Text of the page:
These are the times in your life when you really get to know who your real friends are. There are people in your life, if you are lucky to have them, that stay strong for you, that talk to you in their sweetest voice to make it clear that you are not being judged and suddenly opening up and telling you that they've been there too. These are the kind of people who show up even when you don't ask them to and are the ones who want to keep you company while you sit in the NICU staring at your baby all day and night. Those people say to your face, “you're not ok, I love you, let me help you.” Those are the friends that make you turn around and say, “Ok. I surrender.” It's amazing what happens when you say the things out loud to the right people. They listen. They talk back. They care and it helps.
Months went by and it was an uphill battle. I have a husband who I would marry ten times over. He is a solid loving man who managed to hold my hand and exercised unimaginable patience during those times that I was crying and couldn't for the life of me explain why. It is because of him and the people that rallied around me that I was slowly but surely able to get back on my feet again. One day, I decided I was getting up and going for manicure (always a sign that I am headed in the right direction) and I sat down beside a woman and we started chatting. I told her that I had just had a baby and she asked how it was being a new mom. I decided I was just going to be the old Casey in that one second and I blurted out, “it's ok- I have postpartum and I've been miserable but happy to be out having a manicure.” She looked a bit stunned and who could blame her. I’m sure it wasn’t exactly the response she was expecting. Although it was me that got the real shock when she replied with, “oh, I had postpartum also with both my kids.” I sort of chuckled and thought to myself… ‘of course she did.’ Because here I was trying to get back to the old me, and the old me would have told anyone and everyone that I had a problem, sparing no detail. It’s always been pretty clear to me that people are generally going through similar things in life, they just don't talk about them - but I do. After that day, I decided to open my book again. I decided that people will relate as long as I tell them the truth. Sure enough, left right and centre were people telling me they had been there too. All I had to do all along was be honest.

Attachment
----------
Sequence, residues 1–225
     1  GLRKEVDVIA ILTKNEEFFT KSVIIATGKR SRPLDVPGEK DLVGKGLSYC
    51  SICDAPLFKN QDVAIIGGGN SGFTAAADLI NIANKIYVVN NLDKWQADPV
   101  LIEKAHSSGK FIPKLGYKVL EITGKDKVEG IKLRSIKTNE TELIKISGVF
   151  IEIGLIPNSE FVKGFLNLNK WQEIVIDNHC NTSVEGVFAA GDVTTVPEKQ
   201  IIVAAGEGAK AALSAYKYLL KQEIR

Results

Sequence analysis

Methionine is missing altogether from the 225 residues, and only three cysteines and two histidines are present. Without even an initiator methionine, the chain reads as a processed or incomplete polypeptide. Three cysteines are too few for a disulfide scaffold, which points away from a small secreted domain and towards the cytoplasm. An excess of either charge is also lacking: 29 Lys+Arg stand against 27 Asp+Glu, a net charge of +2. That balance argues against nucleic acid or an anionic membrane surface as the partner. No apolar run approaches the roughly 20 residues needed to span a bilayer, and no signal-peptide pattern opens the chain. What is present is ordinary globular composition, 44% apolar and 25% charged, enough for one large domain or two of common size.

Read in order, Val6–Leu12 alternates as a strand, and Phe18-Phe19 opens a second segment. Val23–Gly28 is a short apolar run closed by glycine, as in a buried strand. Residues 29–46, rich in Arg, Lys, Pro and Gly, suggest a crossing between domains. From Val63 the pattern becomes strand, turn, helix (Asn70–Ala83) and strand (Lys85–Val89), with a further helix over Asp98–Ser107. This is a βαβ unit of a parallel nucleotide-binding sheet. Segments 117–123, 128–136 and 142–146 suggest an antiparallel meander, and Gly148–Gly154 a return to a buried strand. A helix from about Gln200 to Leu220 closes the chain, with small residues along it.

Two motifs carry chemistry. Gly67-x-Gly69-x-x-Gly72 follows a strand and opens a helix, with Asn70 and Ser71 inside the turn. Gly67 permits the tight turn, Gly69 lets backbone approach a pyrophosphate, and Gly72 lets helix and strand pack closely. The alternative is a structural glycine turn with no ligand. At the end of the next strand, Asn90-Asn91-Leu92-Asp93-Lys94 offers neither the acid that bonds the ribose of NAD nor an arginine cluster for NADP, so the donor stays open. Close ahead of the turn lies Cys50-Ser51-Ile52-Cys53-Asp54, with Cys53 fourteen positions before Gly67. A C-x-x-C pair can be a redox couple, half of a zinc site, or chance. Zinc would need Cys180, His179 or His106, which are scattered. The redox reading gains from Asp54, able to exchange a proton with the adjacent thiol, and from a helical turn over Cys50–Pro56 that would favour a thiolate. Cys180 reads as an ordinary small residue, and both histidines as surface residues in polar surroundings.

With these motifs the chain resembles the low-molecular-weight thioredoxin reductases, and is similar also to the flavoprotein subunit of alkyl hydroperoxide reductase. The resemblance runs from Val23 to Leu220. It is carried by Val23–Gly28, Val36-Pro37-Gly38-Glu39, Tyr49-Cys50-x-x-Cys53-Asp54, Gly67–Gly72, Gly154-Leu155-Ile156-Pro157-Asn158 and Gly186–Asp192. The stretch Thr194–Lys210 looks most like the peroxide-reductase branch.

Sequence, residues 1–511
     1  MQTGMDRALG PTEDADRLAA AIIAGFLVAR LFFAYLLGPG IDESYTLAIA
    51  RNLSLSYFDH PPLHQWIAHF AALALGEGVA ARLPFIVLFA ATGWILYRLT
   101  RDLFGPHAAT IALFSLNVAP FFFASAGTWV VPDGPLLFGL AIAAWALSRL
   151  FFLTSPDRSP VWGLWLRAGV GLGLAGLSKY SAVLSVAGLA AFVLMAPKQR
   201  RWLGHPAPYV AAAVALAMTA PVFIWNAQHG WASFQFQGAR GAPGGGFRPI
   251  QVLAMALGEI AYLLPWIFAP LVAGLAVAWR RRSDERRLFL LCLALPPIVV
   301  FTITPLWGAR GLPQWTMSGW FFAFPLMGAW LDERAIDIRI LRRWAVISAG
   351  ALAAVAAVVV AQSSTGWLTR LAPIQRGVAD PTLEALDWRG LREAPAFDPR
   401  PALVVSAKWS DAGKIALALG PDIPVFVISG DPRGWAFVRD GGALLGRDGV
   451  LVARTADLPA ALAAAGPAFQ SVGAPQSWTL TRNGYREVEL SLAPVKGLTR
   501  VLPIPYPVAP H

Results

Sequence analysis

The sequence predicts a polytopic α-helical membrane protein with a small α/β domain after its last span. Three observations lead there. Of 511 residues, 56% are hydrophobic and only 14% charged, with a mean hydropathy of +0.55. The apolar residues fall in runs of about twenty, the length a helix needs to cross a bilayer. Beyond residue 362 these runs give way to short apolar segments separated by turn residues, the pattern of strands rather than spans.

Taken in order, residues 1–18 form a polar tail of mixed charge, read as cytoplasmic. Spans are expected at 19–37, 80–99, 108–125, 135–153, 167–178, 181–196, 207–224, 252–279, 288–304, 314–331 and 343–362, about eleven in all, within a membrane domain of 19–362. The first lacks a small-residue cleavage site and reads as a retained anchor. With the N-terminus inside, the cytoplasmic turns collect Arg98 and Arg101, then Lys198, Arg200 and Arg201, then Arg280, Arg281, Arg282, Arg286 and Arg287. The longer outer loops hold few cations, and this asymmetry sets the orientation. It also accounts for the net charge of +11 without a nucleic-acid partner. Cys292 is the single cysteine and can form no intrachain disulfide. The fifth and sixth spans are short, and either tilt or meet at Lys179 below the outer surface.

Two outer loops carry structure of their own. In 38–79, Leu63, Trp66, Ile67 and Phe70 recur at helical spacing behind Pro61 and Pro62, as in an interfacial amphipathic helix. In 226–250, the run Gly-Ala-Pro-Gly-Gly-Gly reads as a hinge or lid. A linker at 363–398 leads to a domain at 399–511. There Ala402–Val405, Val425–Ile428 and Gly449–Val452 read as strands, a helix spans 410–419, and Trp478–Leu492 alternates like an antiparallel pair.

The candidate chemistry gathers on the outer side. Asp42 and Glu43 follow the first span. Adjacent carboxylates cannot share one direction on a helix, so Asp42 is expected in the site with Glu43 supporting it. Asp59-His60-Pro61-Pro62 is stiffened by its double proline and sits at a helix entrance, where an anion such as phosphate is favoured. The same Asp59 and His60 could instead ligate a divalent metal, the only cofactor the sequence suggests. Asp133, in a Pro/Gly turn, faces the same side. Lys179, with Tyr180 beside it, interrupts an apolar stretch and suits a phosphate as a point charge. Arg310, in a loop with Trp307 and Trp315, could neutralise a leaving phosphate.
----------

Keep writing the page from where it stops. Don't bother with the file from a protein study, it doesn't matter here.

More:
A year later, I became pregnant with a baby girl. Once again I found myself scared, anxious and faced with that ever so familiar somber feeling. She too was eager to grace us with her presence a month early. As I lay there in the delivery room ready to go, I remember turning to my husband and apologizing in advance for what was to come.
This time... there were no secrets to be kept, no lying and no pretending. I spoke up right away and right away I knew it was time to speak up because I knew I had all of the support that I needed and it was all going to be ok!
When I heard about The Dialogue Projects, I immediately thought about writing this piece. I rehearsed it at night in my head but never followed through. Once in a while I have to remind myself that postpartum isn't some shameful secret for you to keep from the world, it is something you should share with the world to help make it easier for others to do the same.
So you might ask me today if I'm happy in love and obsessed with these little blessings of mine? I would now say... Absolutely!!!!
Thank you for taking the time to read this, I hope someone out there finds it helpful.
living the life I always dreamed of.